At the time, Britney reserved "the right to petition for the termination of this conservatorship." In a statement to PEOPLE earlier this year, Thoreen, Jamie's attorney, said that Spears could file a petition to terminate her conservatorship but never has.
"Any time Britney wants to end her conservatorship, she can ask her lawyer to file a petition to terminate it; she has always had this right but in 13 years has never exercised it," Thoreen told PEOPLE at the time. "Britney knows that her Daddy loves her, and that he will be there for her whenever and if she needs him, just as he always has been - conservatorship or not."
Listen below to our daily podcast PEOPLE Every Day for more on Britney Spears speaking out about her conservatorship starting at the 3:45 mark.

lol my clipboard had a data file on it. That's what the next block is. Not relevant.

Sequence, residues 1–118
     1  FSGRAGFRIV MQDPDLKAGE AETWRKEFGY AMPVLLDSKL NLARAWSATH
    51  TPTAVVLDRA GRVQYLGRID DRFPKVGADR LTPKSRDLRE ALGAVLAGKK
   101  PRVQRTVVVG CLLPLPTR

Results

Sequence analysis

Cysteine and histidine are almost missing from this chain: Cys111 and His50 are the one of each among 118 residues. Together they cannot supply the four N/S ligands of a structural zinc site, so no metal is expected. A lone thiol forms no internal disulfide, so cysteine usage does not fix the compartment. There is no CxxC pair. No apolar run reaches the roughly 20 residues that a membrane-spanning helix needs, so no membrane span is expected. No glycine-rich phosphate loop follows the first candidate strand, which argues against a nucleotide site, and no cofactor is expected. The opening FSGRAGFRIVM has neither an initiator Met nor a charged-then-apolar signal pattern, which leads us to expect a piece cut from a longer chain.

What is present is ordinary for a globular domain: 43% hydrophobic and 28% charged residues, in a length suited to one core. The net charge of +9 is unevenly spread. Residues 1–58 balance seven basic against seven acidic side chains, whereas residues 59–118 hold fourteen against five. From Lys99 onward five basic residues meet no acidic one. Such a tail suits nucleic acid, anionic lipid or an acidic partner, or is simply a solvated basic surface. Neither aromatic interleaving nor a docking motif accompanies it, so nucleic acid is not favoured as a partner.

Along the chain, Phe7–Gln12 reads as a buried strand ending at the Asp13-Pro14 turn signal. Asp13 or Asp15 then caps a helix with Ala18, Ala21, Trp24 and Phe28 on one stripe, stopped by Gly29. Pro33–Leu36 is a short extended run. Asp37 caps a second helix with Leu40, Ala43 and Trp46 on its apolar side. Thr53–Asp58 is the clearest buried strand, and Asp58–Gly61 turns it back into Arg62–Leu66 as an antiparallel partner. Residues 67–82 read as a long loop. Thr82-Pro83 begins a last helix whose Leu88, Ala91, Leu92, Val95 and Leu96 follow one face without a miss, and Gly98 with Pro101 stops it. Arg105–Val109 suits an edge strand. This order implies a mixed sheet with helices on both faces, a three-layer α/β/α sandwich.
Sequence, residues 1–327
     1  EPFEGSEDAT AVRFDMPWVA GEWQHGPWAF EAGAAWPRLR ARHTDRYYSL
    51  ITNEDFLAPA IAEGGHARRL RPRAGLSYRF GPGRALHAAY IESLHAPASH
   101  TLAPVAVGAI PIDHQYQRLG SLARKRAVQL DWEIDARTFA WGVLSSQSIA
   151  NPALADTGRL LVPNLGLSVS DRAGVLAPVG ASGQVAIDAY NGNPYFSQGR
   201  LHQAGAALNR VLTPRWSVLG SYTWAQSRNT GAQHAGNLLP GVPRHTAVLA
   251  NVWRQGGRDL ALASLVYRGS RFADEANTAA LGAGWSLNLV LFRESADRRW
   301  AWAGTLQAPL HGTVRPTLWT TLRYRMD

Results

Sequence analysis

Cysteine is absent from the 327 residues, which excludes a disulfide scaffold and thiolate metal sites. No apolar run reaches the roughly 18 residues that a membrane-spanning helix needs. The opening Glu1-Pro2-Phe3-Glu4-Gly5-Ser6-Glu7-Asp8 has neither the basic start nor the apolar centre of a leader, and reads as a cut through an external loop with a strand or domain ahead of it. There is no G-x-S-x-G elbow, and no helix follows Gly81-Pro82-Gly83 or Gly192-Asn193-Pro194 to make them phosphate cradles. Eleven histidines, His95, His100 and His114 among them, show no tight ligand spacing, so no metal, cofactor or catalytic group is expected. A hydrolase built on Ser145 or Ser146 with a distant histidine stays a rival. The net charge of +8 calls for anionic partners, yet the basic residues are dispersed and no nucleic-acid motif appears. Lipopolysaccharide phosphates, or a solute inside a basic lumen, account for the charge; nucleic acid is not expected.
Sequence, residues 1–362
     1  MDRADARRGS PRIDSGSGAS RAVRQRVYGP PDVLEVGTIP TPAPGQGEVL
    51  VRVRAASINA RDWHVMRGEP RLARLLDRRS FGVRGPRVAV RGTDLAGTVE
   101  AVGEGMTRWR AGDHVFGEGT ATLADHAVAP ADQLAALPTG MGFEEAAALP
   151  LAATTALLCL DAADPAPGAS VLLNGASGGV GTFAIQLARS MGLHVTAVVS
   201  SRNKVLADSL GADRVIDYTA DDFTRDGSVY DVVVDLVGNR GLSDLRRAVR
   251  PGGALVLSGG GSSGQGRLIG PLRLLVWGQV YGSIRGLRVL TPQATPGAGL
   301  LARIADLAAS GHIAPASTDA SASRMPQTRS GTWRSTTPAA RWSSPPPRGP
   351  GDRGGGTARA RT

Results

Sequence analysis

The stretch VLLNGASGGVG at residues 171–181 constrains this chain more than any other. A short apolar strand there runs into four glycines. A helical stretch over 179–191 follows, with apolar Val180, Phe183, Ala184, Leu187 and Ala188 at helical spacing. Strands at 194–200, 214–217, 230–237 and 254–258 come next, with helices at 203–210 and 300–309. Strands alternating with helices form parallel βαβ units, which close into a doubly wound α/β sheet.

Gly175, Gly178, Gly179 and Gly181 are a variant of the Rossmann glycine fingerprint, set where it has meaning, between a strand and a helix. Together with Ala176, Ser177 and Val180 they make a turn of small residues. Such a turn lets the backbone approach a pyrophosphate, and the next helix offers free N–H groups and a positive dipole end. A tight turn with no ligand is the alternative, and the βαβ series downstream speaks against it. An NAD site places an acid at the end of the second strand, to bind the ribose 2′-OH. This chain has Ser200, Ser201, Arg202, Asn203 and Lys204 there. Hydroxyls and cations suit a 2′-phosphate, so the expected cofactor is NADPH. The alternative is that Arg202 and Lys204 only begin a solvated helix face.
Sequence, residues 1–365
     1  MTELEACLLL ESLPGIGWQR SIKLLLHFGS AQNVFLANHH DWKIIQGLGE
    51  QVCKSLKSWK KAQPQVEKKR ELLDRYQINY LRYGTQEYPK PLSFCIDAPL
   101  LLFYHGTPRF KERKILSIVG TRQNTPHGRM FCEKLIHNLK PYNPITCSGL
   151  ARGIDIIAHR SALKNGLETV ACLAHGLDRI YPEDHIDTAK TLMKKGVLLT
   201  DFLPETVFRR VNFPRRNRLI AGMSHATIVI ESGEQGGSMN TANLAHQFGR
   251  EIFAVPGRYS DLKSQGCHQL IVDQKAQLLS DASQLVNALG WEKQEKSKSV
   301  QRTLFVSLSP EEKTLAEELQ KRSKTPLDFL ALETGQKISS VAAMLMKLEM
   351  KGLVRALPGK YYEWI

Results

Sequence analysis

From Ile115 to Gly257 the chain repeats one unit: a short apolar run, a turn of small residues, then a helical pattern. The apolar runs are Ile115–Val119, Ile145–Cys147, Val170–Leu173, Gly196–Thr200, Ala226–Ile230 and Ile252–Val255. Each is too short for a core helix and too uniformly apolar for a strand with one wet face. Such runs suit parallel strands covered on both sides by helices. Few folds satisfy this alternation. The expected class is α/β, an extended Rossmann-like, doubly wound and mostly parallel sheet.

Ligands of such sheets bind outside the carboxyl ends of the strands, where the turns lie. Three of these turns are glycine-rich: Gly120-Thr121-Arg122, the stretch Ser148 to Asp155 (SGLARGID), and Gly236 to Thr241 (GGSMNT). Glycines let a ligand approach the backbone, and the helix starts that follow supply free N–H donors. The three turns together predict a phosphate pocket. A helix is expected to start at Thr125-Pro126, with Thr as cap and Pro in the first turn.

The new hearing comes a day after The New York Times published a report citing sealed court documents and transcripts from 2016 between Britney and a probate investigator that provide a "snapshot" of Spears' "sentiments and situation."
"She articulated she feels the conservatorship has become an oppressive and controlling tool against her," a court investigator wrote in 2016, adding that Spears reportedly believed the legal system had "too much control."
RELATED VIDEO: Britney Spears' Lawyer Asks Court to Appoint Jodi Montgomery as Her Permanent Conservator
"She is 'sick of being taken advantage of' and she said she is the one working and earning her money but everyone around her is on her payroll," the investigator added then.